Asymmetry in Interior Design: Is It Messy or Innovative?
People design and renovate their homes for several reasons. While none will deny that there’s always the economic benefit of adding more value to your home, we shouldn’t discredit the artistic appeal of treading through the creative process of home design. In fact, once you do away with the numbers and finally have the materials necessary to get the project started, time will pass you by so fast that a weekend off work will feel so minuscule in the grand scheme of things.
However, one problem we have with newbie designers jumping headfirst into one renovation project after the other is the repetition of the same design themes over and over again like modern, contemporary, traditional, and most especially the seemingly ever-present symmetry. Of course, we don’t mean to say that you should just void all forms of balance and harmony in decorating and designing the sunroom, but we think it’s time people learn the beauty behind asymmetrical balance as well.
What Defines Asymmetrical Balance?
Although the words asymmetry and balance put together may sound contradictory at face value, asymmetrical balance is actually everywhere around us, from the trees and shrubs in the garden to that one angle of a messy workplace that looks just about right. You see, it’s not about placing decorations and furniture haphazardly around the house because there’s still harmony to the entire process, just skewed to what the usual representation of balance may appear.
- Doesn’t Rely on Mirror Effects: Firstly, one strict difference between symmetrical and asymmetrical balance is that asymmetry doesn’t rely on mirror effects as the former would usually impose. So instead of getting matching sofas to face each other or balancing out the wall paintings on the left and right sides, you’ll see a lot more dynamic design and visual weight come into play. As a result, there’s a more significant focus on the whole rather than the complements of two or three pieces found in a room.
- Emphasis on a Focal Point: In addition to ditching the visual appeal of mirror effects, asymmetrical balance further pursues the beauty of the whole by emphasizing a focal point to help everything come together. For example, in a radial balanced room, the furniture may not be symmetrical to its adjacent design pieces, but it all falls into place when viewed from the focal point. Yes, the typical appeal of symmetry and balance can achieve the same, but the impact is different.
- Power of Color, Contrast, and Detail: Lastly, one of the cornerstones that define asymmetrical balance is its ability to blend color, contrast, and detail into its advantage due to the eclectic nature of proportion and spacing. Vibrancy helps certain angles pop, detailed crown moldings can exude magnificence, and perception can make small rooms look much bigger than they appear. Of course, this does mean extra work and time are necessary, but the results are worthwhile and like no other.
Where Should a Newbie Start?
While matching contrasting colors, increasing visual interest through uniqueness, and coordinating different elements into a whole sounds easy on paper, visually appealing asymmetrical balance is challenging to master and will require some time and practice. Therefore, we strongly recommend that you work your way up the experience ladder by starting with projects that are simple, affordable, and not that disruptive to your daily schedule.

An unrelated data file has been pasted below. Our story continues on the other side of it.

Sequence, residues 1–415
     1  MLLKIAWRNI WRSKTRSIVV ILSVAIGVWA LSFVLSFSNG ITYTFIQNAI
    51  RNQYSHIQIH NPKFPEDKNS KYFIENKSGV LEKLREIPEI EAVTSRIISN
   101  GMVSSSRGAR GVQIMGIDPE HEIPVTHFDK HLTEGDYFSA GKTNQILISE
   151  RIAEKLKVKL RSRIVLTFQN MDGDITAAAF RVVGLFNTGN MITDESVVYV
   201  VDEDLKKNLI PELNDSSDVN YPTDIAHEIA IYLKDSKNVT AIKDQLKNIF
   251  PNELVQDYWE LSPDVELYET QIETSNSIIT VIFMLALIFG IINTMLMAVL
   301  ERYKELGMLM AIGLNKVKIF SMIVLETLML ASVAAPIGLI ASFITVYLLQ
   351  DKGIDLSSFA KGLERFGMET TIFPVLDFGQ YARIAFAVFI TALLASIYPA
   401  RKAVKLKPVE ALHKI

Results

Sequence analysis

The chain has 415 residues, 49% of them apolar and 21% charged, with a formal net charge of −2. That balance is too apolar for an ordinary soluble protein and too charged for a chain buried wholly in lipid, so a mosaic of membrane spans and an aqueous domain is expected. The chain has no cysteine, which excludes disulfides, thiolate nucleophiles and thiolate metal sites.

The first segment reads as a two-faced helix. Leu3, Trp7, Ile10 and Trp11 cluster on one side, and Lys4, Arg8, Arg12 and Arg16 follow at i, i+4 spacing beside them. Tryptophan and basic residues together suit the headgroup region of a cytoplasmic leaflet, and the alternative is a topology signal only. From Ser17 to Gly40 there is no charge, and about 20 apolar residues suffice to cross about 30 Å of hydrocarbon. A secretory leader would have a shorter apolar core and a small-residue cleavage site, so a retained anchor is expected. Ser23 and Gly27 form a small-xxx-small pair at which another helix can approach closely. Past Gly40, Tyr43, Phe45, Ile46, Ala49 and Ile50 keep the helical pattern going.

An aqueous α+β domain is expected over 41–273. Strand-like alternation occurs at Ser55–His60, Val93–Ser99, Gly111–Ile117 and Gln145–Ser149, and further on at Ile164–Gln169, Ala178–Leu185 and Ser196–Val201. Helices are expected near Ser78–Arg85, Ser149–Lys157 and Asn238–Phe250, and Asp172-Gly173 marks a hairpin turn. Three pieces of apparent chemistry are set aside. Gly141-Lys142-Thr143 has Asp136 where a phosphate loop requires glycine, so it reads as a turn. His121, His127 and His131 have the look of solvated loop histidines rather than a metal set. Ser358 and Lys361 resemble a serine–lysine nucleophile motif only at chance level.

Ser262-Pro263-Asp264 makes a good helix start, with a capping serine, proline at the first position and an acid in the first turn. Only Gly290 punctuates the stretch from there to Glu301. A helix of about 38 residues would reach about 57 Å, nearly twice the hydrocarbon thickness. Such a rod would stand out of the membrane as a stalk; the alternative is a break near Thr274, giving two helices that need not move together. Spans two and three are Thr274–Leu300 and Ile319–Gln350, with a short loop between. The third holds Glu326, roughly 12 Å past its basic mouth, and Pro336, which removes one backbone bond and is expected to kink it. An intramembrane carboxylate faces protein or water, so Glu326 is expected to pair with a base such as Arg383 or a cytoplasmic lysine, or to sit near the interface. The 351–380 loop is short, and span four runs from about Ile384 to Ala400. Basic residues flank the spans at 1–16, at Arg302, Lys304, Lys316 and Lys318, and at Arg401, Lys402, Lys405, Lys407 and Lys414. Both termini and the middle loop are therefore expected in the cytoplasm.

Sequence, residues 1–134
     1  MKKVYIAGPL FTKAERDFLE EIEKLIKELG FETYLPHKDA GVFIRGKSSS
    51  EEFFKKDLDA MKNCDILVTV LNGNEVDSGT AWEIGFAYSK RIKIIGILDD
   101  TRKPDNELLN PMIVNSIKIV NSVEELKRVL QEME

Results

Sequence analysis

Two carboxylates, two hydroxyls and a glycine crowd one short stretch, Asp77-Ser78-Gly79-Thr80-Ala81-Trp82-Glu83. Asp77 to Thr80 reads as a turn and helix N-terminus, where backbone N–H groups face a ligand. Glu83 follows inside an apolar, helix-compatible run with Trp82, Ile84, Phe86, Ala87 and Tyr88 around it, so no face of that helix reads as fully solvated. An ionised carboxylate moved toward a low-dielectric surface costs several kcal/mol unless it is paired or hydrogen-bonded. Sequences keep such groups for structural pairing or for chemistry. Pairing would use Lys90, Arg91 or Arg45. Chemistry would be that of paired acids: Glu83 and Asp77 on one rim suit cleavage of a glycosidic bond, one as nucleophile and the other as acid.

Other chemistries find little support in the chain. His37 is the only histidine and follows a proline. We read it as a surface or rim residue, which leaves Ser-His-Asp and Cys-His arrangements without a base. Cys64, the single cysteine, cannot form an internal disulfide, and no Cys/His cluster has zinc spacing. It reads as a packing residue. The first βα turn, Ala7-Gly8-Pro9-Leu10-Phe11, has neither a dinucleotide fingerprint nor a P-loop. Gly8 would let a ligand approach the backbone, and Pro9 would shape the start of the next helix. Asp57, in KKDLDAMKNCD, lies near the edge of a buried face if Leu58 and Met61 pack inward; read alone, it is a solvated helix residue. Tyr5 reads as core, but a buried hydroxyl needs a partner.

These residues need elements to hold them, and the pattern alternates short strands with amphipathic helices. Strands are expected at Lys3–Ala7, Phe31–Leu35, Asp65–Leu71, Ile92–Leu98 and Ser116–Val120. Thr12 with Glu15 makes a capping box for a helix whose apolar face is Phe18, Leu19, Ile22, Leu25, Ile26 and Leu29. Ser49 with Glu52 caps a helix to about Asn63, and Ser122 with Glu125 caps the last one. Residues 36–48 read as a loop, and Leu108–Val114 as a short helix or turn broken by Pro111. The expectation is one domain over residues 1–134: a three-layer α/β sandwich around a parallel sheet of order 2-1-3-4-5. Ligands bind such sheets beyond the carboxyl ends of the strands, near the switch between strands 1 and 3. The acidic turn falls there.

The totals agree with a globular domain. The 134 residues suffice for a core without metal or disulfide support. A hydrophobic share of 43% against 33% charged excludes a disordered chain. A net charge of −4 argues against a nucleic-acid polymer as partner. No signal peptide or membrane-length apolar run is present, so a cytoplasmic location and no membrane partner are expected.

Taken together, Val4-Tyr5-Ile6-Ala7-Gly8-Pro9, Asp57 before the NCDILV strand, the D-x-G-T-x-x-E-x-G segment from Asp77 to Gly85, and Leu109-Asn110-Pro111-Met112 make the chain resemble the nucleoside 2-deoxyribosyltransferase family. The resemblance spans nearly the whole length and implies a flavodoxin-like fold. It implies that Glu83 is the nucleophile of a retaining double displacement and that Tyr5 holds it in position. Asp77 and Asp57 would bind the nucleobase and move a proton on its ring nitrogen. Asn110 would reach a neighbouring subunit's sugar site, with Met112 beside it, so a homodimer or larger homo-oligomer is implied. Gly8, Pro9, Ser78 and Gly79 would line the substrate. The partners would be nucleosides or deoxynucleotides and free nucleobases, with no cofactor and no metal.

- Rearranging Your Living Room Furniture: The best way for newbies to start is by rearranging their living room furniture because all the design elements are already present. All they need is a weekend and some motivation to try something new. To begin your asymmetrical balance goal, start by selecting a focal point as your baseline and working your diagonals from there. Afterward, feel free to view the sofas, paintings, rugs, and similar at different angles.
- Quick Bedroom Renovation: Once you’ve graduated from rearranging your living room furniture, we recommend a quick bedroom renovation. For example, you could try placing all the functional items on one side of the room while keeping an odd number of furniture at the opposite end to create a workflow centered around your bed frame. Plus, if you’re feeling extra confident, you can try expanding the room itself or adding new windows to bring more of your imagination to life.
- Overhauling the Kitchen From Scratch: Last but not least, we consider a kitchen overhaul to be among the most difficult asymmetrical balances to pull off. Your best bet would be to embrace an open floor plan to give your more leeway around contrasting design aspects, but it does come at the cost of more expenses and a bigger budget. Furthermore, you’ll also need to worry about the essential home systems, so double-check with your local contractor and plumbing services to discern what’s possible and what’s overstepping your clearance.
Find the Beauty in Asymmetrical Balance
Overall, we think there’s plenty of home design potential in asymmetrical balance that few people know about due to the oversaturated pursuit of normal symmetry. So if you’re looking for something new and unique, be sure to give this design trend a chance on your next renovation project.
Meta title: Creating Asymmetrical Balance Through Interior Design
meta desc: People tend to gravitate toward harmony and balance, but there’s a lot of beauty hidden in asymmetry through interior design as well. Learn how you can create asymmetrical balance in your home design.
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